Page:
DJ Ron Slomowicz: I hear that you guys worked with Roisin Murphy.

Iason Chronis (Mason): Yes, that is true. We just released our album They Are Among Us. We have been doing very club-focused records for the last seven years with a DJ following, and we thought it would be a nice challenge to make an album with more of a pop approach. We basically made a wish list of artists that we would like to work with and sent out our ideas and sketches. A lot of them were really up for it because they liked the music. This includes Roisin Murphy, Run DMC, Kurtis Blow and Aqualung. It was really inspiring and a big challenge to work with these kind of people. Since they are so talented at what they do it made us want to work even harder.

RS: When you work with them, do you send them a track and they write a topline to it? How do you collaborate?

Coen Berrier (Mason): It is actually different every time. Sometimes we go physically into the studio and record. With Roisin Murphy that is what we did. She was very impressive by the way. She actually wrote the lyrics there on the fly. At first, we were kind of worried because she didn’t prepare anything. It actually turned out really nice, which shows how much talent she has. She came in with a big scrapbook that had all kinds of cutouts and news articles in it. Sometimes we just work from eMails or the artist will come to us. There is one track that we actually wrote the whole top line and then asked someone to sing it. It can work either way. With the Aqualung track, for instance, he just delivered the vocals and we built the track around that.

Iason Chronis (Mason): The nicest way is to be in the studio together at the same time so that you can go back and forth with ideas and leave the studio when you are finished and satisfied.

RS: You also worked with Sam Sparro, correct?

Iason Chronis (Mason): That is right; we did a track with Sam Sparro in collaboration with DMC. It is called “Corrected” and it did really well here. He is a great vocalist, so it was pretty cool.

RS: Your artwork and logo is a cartoon kind of creation, who drew it and what was the inspiration of that?

Iason Chronis (Mason): Our label is called ‘Animal Language’ and it started out as our logo. It started as one little animal, but since we kept doing Animal Language parties and releases, our designer Ifo kept making more of them. It is now a whole life form; there is a whole world out there of all these animals that just keep getting nicer and nicer.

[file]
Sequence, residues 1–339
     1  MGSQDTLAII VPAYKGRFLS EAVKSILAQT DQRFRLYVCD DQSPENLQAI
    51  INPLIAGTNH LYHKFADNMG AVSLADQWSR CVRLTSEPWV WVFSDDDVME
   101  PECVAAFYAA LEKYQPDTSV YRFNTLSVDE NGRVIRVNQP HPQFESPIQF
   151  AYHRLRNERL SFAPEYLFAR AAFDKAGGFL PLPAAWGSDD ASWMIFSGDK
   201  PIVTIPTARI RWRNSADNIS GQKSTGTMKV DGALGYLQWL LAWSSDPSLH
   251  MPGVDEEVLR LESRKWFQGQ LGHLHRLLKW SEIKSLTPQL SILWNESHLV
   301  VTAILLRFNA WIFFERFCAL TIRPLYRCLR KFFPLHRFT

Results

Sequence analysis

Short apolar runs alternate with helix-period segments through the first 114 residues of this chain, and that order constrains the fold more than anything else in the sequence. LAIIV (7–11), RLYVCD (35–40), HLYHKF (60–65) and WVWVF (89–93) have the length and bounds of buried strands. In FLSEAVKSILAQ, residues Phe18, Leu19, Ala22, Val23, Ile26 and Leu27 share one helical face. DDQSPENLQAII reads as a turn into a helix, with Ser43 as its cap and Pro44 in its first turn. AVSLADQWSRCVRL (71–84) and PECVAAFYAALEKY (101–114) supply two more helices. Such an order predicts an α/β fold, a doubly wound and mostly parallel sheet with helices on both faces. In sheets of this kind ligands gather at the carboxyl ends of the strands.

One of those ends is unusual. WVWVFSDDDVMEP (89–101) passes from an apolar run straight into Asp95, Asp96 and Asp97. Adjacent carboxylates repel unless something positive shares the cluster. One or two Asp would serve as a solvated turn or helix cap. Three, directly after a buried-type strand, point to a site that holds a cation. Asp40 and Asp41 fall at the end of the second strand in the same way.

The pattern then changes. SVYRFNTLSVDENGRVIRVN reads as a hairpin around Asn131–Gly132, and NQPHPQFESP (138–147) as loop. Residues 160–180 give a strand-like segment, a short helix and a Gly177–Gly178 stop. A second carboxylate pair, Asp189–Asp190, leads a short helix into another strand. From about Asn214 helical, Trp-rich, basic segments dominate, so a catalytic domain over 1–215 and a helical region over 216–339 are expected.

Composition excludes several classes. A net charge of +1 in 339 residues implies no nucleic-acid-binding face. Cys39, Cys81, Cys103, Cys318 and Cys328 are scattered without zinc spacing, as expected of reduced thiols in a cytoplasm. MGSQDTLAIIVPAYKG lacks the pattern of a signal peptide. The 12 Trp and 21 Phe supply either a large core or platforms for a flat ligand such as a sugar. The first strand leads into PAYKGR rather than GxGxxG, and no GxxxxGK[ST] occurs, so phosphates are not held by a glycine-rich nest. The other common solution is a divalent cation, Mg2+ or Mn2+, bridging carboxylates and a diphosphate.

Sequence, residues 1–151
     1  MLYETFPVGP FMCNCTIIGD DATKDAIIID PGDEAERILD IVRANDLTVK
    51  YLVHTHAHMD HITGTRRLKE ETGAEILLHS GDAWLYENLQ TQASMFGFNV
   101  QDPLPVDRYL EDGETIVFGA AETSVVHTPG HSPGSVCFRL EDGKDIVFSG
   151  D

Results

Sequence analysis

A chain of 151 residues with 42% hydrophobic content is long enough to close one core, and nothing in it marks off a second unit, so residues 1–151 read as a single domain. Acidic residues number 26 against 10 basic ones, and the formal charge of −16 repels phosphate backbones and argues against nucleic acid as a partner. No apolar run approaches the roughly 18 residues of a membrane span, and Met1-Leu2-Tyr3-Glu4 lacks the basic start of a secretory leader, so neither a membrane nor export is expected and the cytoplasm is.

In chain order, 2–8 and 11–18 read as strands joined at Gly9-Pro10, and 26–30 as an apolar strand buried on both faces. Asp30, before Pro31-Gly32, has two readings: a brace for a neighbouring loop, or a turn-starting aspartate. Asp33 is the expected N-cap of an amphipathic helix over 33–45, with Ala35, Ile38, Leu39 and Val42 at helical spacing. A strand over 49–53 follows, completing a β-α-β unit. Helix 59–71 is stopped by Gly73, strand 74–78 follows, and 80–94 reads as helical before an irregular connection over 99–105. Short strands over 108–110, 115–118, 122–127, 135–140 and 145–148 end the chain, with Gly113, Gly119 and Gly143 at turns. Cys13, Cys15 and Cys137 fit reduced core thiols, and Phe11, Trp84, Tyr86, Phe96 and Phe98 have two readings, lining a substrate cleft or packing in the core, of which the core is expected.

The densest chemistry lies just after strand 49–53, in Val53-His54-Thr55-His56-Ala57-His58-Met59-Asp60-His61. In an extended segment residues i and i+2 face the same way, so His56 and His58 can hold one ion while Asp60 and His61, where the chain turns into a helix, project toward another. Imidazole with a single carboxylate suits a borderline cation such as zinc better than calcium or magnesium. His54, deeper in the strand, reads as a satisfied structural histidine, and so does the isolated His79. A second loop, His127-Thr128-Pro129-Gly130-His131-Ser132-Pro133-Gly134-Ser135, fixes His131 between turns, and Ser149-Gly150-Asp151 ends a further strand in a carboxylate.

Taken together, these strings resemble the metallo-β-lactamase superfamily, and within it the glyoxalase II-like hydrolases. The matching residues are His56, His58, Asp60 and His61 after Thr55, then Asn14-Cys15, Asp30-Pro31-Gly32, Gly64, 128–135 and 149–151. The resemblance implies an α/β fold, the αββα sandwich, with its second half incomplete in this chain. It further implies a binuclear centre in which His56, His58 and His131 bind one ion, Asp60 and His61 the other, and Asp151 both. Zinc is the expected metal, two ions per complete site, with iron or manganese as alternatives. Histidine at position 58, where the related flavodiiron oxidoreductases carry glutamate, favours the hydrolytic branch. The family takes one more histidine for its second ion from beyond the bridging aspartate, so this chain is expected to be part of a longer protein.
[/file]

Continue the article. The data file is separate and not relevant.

Coen Berrier (Mason): His company 310k based here in the Netherlands. They do very great stuff. We are actually about to release an underwear line with these animals on them. It is a nice gift for the holidays.

RS: You have a new single called “Le Big Bob.”

Iason Chronis (Mason): That’s right; it is our new release on Animal Language. It is not from the album. It has an electro, pop funk track, with remixes by Arveene & Misk, that are also on our label, as well as Disco of Doom, Luke Walker, and In Flagranti.

RS: What kind of track is it?

Iason Chronis (Mason): It is fun; we don’t like to take things too seriously. We aren’t the type of producers that like to make the boring two-minute intro, bassline, a one-minute breakdown and outro kind of track. It is just a fun, crazy track. Many times, they are just sketches that they would be used to play live or in the DJ sets. When we see what works we just make it into a proper release.

Coen Berrier (Mason): The video is actually worth checking out; it has a nice kind of food porn thing going on. We ran into some guys at a marketing company in Holland and they use a lot of commercials from big restaurant chains. They have all sorts of salad tossing, ice cubes falling in slow motion, and shrimp being broken in half with the juice falling out of them, so it is real fun.

RS: Talking about visuals, do you have a new live show that you are working on?

Iason Chronis (Mason): Yes, we have produced together for over a decade. I always DJ on my own because Coen doesn’t DJ, so we really want to bring our music together live on stage. It is more challenging than DJing, so we teamed up with a bunch of technicians and created a system that we do with Ableton. It has all of the different sounds, lights, and video attached to it so we can do an interactive show. We play instruments and a lot of gear alongside of it. It is just our own music and material, it is a lot of fun.